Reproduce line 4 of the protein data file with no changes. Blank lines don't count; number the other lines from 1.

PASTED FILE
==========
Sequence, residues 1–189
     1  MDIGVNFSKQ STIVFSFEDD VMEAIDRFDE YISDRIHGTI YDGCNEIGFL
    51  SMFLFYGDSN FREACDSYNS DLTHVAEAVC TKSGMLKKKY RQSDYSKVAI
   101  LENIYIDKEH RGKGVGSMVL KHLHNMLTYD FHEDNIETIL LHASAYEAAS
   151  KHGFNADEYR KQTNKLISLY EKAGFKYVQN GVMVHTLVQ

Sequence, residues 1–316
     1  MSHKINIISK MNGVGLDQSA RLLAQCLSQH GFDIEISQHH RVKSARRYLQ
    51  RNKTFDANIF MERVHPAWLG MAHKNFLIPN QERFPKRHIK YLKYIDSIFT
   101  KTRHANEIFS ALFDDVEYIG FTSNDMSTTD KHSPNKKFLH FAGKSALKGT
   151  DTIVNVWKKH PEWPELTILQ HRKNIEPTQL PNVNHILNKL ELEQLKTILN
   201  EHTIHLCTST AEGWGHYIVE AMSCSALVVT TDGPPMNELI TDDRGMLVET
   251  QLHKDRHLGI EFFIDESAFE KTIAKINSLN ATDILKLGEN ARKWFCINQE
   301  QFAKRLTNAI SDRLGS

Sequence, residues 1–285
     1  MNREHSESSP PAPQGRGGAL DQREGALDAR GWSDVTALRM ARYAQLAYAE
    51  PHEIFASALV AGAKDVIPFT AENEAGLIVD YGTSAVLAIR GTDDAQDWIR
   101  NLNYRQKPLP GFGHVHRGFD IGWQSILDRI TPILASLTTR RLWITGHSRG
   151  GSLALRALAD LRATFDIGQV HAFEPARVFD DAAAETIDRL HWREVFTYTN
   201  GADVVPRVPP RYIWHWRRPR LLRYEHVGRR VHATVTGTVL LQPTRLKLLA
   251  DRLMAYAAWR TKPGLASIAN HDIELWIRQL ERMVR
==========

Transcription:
   101  LENIYIDKEH RGKGVGSMVL KHLHNMLTYD FHEDNIETIL LHASAYEAAS